Unions launch ‘name and shame’ Living Wage campaign

On Monday a group of York students launched a campaign for a ‘living wage’ to be paid to all university staff.

In 1999 the Labour government introduced the minimum wage – from 1 April all employers had to pay their workers at least £3.60 an hour. Many on the right of the political spectrum argued that doing so would cripple employment and thus actually disadvantage the workers it attempted to help. The policy is now, however, widely embraced.

Since its introduction the wage has risen by over 20% in real terms – it now stands at £6.08. Some, however, are clamouring for a ‘living wage’ of £7.20 to be paid nationwide. The National Union of Students and Unison, the largest public sector union, have jointly launched an initiative to ‘name and shame’ universities that do not pay it. They have given universities six months ‘to get their house in order’.

A recent Freedom of Information request found that 644 staff at York were paid less than the living wage in 2010/11. It has been estimated that the University of Cambridge employs over 1,000 people on less than it. The Centre for Research in Social Policy has argued that such a level of pay is necessary ‘to provide a minimum socially acceptable standard of living for low earners’.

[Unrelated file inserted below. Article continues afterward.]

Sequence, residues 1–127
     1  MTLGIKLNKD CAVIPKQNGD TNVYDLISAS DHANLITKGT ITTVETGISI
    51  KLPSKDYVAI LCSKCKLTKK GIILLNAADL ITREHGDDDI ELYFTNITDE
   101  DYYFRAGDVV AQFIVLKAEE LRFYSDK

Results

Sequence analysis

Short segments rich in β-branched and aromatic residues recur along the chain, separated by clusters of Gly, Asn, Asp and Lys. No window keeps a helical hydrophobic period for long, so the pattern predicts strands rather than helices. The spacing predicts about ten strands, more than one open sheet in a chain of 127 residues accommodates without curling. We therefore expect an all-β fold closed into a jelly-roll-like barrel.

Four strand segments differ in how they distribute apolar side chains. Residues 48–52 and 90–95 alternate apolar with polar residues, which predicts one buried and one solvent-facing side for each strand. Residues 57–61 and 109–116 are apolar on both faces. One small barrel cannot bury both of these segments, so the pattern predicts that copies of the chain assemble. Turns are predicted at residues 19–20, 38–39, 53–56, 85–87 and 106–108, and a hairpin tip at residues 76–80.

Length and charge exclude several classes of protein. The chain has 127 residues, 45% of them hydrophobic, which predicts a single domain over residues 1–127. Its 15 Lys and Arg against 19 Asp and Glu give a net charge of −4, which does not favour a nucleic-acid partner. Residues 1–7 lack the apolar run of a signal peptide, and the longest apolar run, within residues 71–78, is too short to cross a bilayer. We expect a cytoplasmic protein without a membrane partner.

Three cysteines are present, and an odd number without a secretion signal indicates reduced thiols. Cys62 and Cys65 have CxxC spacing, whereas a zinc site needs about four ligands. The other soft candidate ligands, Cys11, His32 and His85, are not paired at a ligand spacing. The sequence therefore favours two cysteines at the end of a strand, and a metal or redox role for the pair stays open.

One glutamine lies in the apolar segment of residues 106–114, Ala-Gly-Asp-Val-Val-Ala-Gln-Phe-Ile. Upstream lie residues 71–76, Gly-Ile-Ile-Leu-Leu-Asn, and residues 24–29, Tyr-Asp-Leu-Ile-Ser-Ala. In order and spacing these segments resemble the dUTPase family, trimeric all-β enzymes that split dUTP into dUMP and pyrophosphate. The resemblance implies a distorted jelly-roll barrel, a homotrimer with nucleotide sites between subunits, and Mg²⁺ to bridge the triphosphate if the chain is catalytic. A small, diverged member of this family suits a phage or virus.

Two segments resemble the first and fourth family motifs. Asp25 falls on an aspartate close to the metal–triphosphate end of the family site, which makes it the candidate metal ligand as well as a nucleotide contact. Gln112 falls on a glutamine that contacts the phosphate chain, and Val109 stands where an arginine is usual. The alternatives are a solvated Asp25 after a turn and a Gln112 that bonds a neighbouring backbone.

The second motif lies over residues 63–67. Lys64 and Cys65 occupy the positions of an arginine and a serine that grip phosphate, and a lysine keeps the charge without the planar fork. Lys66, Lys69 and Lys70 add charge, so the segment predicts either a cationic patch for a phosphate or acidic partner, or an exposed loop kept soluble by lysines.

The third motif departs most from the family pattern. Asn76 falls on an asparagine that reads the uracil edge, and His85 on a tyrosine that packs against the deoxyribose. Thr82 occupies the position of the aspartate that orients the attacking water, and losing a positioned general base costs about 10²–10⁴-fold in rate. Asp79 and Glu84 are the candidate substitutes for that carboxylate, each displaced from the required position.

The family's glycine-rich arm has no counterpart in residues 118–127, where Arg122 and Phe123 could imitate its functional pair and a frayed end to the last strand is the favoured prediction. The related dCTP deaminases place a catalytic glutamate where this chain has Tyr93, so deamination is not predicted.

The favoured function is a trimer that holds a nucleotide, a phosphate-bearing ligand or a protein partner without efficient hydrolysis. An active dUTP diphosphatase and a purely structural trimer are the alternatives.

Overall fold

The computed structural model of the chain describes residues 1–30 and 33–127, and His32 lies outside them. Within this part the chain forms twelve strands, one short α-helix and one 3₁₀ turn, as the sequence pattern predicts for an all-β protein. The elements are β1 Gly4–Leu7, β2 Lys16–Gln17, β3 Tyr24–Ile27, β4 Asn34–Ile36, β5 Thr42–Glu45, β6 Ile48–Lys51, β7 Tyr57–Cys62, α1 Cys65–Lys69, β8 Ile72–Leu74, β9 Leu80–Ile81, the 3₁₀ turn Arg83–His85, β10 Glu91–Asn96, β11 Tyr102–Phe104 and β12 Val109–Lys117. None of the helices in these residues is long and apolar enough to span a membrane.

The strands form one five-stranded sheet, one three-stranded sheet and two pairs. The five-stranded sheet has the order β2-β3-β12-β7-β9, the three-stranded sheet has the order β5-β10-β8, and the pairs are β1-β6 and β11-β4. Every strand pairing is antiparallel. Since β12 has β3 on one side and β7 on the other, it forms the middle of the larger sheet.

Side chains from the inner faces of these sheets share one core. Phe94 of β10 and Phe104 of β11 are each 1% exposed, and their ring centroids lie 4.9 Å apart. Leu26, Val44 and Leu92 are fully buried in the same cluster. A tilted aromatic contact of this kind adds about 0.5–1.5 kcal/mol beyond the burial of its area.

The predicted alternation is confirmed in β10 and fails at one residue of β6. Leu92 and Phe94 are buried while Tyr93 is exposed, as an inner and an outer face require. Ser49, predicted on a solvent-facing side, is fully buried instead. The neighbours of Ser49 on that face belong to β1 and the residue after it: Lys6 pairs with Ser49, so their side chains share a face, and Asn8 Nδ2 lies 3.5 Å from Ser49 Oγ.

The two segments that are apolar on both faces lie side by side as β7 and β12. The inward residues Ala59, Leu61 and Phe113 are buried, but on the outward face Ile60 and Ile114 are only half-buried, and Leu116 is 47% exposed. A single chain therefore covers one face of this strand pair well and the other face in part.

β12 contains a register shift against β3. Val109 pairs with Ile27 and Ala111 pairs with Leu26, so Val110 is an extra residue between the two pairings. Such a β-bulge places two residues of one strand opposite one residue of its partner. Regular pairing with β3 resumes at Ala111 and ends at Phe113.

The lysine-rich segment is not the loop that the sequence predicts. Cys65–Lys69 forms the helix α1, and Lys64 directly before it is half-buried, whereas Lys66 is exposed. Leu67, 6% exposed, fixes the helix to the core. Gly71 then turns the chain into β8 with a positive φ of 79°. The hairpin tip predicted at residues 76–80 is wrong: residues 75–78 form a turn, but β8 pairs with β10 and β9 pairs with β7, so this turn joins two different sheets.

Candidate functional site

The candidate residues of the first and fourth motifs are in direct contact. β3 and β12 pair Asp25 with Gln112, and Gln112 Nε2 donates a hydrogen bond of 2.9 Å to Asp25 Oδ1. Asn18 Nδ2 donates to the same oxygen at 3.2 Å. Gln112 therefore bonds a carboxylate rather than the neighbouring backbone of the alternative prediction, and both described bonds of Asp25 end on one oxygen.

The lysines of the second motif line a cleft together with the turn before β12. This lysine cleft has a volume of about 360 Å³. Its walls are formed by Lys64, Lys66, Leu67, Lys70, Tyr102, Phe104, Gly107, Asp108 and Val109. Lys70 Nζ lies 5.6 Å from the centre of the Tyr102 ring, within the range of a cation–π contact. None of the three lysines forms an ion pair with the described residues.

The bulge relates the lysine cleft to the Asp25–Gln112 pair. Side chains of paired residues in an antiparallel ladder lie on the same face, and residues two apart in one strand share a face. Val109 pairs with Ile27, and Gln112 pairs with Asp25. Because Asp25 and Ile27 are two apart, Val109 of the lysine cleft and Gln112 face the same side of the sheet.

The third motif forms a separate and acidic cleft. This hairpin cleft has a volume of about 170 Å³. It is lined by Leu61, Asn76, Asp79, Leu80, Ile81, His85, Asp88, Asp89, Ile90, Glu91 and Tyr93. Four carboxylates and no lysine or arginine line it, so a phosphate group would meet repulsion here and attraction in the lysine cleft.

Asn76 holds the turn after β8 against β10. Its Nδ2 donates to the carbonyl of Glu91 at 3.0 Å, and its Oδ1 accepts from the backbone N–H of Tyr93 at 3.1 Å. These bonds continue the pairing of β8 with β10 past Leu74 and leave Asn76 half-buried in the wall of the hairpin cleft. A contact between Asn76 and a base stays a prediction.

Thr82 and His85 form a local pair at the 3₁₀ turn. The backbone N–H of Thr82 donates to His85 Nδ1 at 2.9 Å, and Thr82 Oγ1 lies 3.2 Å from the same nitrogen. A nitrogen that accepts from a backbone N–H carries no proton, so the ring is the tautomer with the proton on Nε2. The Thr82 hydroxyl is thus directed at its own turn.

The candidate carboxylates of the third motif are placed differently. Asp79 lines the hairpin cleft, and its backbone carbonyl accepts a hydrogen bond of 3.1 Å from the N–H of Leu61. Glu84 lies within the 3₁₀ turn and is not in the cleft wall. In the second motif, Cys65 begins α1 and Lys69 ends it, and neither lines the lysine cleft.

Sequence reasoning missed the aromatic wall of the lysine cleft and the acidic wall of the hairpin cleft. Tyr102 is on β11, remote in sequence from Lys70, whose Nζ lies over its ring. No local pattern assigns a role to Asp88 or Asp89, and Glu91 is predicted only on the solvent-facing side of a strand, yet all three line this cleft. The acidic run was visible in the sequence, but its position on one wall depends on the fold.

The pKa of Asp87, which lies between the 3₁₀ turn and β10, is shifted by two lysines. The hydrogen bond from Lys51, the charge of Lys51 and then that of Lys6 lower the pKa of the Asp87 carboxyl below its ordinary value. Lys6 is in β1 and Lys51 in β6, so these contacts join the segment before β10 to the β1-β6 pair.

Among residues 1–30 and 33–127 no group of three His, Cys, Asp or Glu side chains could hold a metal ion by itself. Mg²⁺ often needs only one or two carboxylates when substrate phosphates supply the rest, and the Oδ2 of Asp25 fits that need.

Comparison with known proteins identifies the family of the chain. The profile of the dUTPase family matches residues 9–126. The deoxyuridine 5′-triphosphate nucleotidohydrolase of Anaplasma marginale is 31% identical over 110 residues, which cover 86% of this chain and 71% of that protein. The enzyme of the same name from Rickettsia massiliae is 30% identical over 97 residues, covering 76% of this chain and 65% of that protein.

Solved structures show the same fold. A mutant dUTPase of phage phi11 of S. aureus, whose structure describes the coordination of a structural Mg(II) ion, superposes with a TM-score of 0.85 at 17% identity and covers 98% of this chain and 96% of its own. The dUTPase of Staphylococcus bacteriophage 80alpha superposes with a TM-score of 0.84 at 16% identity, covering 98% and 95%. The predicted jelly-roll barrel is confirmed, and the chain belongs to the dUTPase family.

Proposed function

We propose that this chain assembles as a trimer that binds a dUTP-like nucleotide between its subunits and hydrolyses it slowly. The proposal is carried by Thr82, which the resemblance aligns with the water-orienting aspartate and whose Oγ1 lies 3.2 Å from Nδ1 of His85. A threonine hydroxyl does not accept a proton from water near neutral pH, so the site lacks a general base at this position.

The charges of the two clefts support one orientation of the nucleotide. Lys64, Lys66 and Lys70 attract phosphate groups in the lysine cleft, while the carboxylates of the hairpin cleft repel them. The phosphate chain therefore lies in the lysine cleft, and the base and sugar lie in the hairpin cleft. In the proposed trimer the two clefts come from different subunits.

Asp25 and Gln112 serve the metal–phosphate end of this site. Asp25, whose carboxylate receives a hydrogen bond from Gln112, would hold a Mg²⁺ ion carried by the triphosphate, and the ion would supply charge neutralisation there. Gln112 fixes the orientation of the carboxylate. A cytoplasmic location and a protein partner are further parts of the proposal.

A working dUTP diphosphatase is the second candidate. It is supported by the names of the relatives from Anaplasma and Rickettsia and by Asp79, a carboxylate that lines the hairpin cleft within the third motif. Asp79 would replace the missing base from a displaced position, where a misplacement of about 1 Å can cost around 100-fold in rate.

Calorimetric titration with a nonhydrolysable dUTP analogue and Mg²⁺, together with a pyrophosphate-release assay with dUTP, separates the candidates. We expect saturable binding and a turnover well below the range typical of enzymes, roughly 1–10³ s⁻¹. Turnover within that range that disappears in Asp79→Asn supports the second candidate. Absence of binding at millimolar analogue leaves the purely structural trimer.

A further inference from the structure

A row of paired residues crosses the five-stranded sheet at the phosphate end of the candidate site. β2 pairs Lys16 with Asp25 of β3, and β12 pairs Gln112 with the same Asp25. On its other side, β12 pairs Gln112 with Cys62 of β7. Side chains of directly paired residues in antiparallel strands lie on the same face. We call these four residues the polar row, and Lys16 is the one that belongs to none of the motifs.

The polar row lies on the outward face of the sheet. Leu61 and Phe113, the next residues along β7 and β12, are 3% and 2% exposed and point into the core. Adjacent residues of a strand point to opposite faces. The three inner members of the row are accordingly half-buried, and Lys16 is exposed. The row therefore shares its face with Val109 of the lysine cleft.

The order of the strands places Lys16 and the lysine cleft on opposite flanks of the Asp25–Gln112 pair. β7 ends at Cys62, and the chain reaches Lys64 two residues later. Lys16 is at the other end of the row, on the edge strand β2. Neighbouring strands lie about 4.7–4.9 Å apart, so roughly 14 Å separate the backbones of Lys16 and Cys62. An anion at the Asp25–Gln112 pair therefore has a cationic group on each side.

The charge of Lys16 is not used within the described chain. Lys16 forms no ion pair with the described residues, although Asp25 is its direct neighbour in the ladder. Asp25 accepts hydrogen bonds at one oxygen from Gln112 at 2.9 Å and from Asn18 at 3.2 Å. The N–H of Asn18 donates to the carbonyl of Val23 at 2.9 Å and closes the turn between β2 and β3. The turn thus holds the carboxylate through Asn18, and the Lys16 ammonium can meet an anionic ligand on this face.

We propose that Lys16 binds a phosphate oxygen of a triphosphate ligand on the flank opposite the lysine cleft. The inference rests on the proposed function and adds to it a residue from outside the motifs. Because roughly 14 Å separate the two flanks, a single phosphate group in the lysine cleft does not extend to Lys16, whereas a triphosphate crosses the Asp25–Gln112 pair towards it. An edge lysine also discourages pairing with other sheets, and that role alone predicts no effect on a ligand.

The national campaign was announced at Unison’s Higher Education Conference earlier this week. On campus the campaign now has the backing of former Labour Foreign Secretary David Miliband, Green Party leader Caroline Lucas, and Richard Wilkinson, a prominent researcher on inequality.

Unison’s Head of Education, Jon Richards, highlighted how an agreement has been reached with the Association of Colleges to pay the wage to further education workers, and called for similar action for university workers. Richard Wilkinson, speaking at the UoY event, struck an optimistic note, saying, ‘I am quite sure you will win this’.

Dannie Grufferty, NUS Vice-President, said, ‘The difference between the minimum wage and a living wage is the difference between constant money worries and being able to make ends meet. It also makes sense for employers who’ll see a rise in productivity and greater retention of staff.’

Campaigners at the University of York expect to meet with senior management in the coming weeks to assess the proposal.

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